Under the orders, health care regulators are to address alleged kickbacks, access to "life-saving medications," drug importation, and "most-favored-nation" proposal.
On July 24, 2020, President Trump signed four executive orders addressing hot-button issues such as importation of certain drugs, Anti-Kickback Statute safe harbors for rebates, recent battles over insulin pricing, and a "most-favored-nation" proposal.
Eliminating Alleged "Kickbacks" to "Middlemen"
The first order directs the Department of Health and Human Services ("HHS") to narrow existing regulatory safe harbor protections under the federal Anti-Kickback Statute that benefit health plan sponsors, pharmacies, and pharmacy benefit managers ("PBM") operating the Medicare Part D program. The new order purportedly aims to shift to consumers, rebates paid by pharmaceutical companies to PBMs, by eliminating current regulatory safe harbors protecting such payments. But, prior to taking action, the Secretary of HHS must publicly confirm that the change will not increase federal spending, Medicare beneficiary premiums, or patients' total out-of-pocket costs-a requirement that has prevented similar proposals from succeeding in the past.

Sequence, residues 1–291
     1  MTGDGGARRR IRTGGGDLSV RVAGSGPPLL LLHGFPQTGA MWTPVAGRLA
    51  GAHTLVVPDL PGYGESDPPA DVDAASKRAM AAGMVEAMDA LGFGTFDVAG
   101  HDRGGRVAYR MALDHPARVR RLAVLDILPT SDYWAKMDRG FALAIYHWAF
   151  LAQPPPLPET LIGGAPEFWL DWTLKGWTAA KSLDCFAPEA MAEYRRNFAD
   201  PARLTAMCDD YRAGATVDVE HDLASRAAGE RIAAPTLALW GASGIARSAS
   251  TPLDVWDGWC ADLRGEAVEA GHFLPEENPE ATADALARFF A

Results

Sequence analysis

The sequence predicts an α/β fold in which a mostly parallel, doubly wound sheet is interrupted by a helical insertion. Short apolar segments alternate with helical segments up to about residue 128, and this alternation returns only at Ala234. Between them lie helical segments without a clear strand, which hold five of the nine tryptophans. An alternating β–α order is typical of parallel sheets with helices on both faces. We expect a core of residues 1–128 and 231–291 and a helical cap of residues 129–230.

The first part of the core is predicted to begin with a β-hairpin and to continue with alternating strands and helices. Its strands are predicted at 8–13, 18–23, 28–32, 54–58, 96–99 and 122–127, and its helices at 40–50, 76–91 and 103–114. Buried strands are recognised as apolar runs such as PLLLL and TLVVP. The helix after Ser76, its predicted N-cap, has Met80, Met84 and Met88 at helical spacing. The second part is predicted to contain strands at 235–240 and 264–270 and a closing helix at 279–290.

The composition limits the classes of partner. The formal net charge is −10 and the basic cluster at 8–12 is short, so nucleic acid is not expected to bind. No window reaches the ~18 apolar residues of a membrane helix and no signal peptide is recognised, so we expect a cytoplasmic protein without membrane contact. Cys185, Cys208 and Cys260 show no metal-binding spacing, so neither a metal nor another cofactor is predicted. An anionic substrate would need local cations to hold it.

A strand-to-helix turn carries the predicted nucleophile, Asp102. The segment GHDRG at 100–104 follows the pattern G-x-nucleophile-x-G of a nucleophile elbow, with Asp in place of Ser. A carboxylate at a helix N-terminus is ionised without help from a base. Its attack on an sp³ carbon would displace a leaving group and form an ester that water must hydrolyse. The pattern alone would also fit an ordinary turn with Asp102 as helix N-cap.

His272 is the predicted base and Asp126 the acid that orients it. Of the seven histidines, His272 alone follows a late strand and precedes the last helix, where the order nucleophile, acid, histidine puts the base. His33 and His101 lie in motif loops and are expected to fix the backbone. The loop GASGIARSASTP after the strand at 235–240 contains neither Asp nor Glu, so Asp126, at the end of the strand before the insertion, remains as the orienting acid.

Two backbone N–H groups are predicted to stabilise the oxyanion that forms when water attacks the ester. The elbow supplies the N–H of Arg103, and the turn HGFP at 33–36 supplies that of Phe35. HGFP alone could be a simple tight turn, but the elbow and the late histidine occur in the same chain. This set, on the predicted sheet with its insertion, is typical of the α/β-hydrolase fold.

"Access to Affordable Life-Saving Medications"
The second order requires HHS to take action to require that Federally Qualified Health Centers ("FQHC") have "established practices to make insulin and injectable epinephrine available" to low-income individuals "at the discounted price" available to the FQHC.
Increasing Drug Importation
The third order will be of particular concern to pharmaceutical companies: drug importation. It directs HHS to expand access to imported prescription drugs from Canada and other countries by: (i) facilitating individual waivers permitting importation that "poses no additional risk to public safety and results in lower costs"; (ii) authorizing re-importation of insulin products in certain circumstances; and (iii) finalizing the rule on Section 804 Importation Programs that would allow importation of certain prescription drugs shipped from Canada.
The fourth order would implement a "most-favored-nation" policy, requiring that Medicare pay the same price for some drugs that other countries pay-a proposal that is likely also to be met with intense opposition. The President said he would give the pharmaceutical industry until August 24, 2020, to develop an alternative pricing plan before implementing this order.
These orders have implications for the pharmaceutical and biotech industries as well as other stakeholders. As companies begin planning for 2021 and beyond, they should evaluate how these orders potentially impact drug pricing, related contracts, and compliance with the Anti-Kickback Statute.
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